Flaxseed is also known as common flax or linseed. It is a flowering plant and one of the oldest cultivated crops.
While flaxseed has been around since 3000 BC, it is still relatively unknown as a food staple.
But with a wealth of health benefits, flaxseed is quickly gaining in popularity and making its way into a range of healthy, balanced diets.
Where does flaxseed come from?
Flaxseed comes from the flowering flax plant (Linum usitatissimum).
It was first grown in Egypt, but today, it is found all over the world.
Flaxseed is available in brown or yellow, with the latter being known as golden linseeds.
Holland & Barrett Golden Linseed is one such yellow variety that is a source of protein and high in fibre.
Or if you would prefer to go organic, we’ve got that covered with our Organic Golden Linseed.
Both are equally as nutritious and have a nutty, slightly earthy taste that you are sure to love.
What are the best flaxseed uses?
You can find flaxseed in a range of pre-made foods, including crackers and oatmeal.
Many people add a teaspoon of flaxseed to their cereal for a healthy start to their day.
Flaxseed can also be spooned into mayonnaise, yoghurts, cookie dough and other baking mixes to add a nutritional boost to your favourite everyday foods.
Adding Bob’s Red Mill Flaxseed Meal to your smoothies and cereals adds a deliciously nutty flavour.
You can also sprinkle it on salads or use it as a substitute for breadcrumbs!
Is flaxseed good for you?
Because of the many benefits of flaxseed, it is known as a ‘superfood.’
Flax seeds are packed with nutrients. A standard 7g tablespoon serving contains excellent amounts of protein, fibre and omega-3 fatty acids.
Holland & Barrett Milled Flax Seeds has over 2g of fibre per tablespoon.
Fibre helps maintain and support normal digestive. That is why it is such an important addition to any diet.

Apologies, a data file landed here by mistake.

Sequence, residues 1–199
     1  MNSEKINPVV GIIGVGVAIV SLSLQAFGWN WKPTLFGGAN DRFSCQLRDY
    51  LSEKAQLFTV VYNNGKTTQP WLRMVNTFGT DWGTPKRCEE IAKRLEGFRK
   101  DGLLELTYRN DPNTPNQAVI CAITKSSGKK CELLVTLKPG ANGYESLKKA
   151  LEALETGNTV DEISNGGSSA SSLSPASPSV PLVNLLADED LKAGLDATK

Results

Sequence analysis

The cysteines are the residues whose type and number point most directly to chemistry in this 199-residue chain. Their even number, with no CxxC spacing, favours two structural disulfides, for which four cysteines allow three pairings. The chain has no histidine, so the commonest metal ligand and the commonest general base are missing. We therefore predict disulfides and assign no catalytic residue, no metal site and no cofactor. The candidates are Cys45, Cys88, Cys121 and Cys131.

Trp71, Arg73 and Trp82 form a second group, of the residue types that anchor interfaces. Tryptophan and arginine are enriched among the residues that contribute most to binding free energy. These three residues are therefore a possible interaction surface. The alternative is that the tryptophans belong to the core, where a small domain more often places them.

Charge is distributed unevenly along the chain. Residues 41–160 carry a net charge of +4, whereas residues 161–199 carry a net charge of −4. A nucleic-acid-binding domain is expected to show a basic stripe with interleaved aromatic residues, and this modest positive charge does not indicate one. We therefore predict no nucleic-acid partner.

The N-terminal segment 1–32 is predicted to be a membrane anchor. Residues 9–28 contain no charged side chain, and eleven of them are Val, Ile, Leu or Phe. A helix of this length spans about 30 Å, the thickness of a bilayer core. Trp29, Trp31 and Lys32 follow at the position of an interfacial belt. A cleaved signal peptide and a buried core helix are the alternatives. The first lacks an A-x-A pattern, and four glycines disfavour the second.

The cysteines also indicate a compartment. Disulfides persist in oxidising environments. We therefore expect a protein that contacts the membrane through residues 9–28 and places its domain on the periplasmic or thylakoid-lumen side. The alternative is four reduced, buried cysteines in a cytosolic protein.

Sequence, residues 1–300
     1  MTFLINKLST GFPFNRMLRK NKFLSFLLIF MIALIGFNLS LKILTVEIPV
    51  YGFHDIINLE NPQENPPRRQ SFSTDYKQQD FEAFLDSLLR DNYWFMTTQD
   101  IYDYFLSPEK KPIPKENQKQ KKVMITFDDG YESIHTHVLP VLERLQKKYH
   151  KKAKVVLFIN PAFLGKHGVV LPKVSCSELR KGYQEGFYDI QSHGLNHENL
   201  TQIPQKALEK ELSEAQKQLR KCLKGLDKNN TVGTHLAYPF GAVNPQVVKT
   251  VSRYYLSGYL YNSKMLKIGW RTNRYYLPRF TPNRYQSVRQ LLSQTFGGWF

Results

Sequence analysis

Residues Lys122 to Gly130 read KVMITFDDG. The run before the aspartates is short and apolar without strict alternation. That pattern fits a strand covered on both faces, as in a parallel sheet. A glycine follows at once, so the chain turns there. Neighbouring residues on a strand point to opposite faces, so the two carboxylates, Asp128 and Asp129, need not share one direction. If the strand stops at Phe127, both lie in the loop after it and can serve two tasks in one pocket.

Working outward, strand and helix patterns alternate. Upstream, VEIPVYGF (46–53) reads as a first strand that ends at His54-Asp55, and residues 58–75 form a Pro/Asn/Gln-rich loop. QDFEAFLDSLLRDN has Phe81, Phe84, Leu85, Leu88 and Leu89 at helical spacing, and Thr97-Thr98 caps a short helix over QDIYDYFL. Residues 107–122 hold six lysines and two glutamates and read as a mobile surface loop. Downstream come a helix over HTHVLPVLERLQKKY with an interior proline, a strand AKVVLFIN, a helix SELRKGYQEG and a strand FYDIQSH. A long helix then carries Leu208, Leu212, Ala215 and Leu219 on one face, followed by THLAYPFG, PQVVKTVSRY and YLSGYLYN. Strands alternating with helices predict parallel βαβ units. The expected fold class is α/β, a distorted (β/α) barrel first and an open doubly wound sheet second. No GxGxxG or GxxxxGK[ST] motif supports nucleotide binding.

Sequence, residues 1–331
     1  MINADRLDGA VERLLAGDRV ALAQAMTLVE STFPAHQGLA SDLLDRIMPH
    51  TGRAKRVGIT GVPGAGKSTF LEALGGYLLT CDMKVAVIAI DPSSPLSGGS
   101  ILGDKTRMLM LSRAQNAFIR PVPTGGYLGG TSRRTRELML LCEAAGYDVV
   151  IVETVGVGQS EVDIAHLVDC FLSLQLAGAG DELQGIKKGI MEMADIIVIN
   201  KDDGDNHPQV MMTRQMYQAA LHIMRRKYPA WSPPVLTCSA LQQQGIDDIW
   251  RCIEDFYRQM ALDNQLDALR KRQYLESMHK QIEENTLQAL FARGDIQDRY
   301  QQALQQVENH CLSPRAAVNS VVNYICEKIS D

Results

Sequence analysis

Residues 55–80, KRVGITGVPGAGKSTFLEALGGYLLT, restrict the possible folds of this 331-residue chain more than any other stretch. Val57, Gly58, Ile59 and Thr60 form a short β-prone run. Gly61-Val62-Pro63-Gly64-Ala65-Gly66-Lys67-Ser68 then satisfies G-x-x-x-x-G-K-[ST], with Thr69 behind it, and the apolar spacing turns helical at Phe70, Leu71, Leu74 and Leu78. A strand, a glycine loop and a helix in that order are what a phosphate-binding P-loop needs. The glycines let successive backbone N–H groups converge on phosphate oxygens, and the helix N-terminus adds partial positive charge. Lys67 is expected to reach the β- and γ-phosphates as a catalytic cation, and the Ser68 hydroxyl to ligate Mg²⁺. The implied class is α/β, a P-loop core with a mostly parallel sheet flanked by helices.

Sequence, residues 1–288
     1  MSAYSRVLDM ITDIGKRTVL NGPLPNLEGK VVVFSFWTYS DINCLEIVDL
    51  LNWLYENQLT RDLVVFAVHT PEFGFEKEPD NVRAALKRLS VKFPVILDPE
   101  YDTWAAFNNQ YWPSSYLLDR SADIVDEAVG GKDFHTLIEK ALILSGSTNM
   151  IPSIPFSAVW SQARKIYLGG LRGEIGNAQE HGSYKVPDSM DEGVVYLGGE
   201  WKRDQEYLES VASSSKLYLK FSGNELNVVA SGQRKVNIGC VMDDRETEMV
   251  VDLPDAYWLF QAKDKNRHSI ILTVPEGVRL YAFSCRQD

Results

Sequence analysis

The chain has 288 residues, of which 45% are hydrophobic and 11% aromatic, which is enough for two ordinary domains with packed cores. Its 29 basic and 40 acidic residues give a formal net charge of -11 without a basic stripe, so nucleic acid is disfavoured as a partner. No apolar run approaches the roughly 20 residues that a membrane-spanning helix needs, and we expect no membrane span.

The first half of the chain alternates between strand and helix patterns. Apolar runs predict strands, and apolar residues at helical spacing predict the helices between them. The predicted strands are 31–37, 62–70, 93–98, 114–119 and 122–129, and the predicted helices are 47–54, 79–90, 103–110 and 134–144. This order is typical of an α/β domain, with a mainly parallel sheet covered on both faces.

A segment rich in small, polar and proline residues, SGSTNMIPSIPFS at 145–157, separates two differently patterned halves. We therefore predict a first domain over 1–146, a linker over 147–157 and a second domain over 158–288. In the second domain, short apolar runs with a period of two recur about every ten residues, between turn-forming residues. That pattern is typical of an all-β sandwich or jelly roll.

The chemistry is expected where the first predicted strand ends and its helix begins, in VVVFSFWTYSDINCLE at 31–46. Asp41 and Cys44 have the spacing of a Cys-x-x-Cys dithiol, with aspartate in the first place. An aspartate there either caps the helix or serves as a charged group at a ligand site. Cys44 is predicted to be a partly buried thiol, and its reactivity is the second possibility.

Linwoods Milled Flaxseed Biocultures and Vitamin D is a rich source of vitamin D and omega-3.
Also known as the sunshine vitamin, vitamin D helps the body absorb calcium, maintaining normal bones and teeth.
Adding flaxseed to your diet in the winter months can supplements your body’s vitamin D levels when there is a lack of sunshine.
Flax seeds are also richer in lignans than any other food.
Lignans are chemical compounds found in plants, seeds, vegetables and whole grains.
Is flaxseed gluten free?
The good news is flaxseed is naturally gluten free, making it a healthy addition to a free-from diet.
However, always check the label before purchasing in case of cross-contamination.
Our gluten free flaxseed range means there are plenty of varieties for you to enjoy.
This includes Linwoods Milled Organic Flaxseed.
Not only is it high in Omega-3, but it is a great source of fibre and protein.
Linwoods Milled Flaxseed and Goji Berries is another gluten free favourite, as it comes with the fruity deliciousness of goji berries.
It also contains the antioxidant zinc, which helps protect against the effects of oxidative stress.
Flax seeds benefits for hair
Flaxseed contains vitamin E, which helps to improve and maintain skin and hair.
Vitamin E removes free radical damage from the scalp, giving hair a healthy base to grow from.
It can also help improve scalp circulation, encouraging hair growth.
Not only that, but vitamin E locks in moisture by creating a protective barrier over the scalp’s surface. This can help moisturise the scalp and prevent dry skin.
If you are suffering from an itchy scalp or have trouble keeping it healthy, try adding flaxseed as part of your healthy, balanced diet to see if it improves the hair and skin’s conditions.
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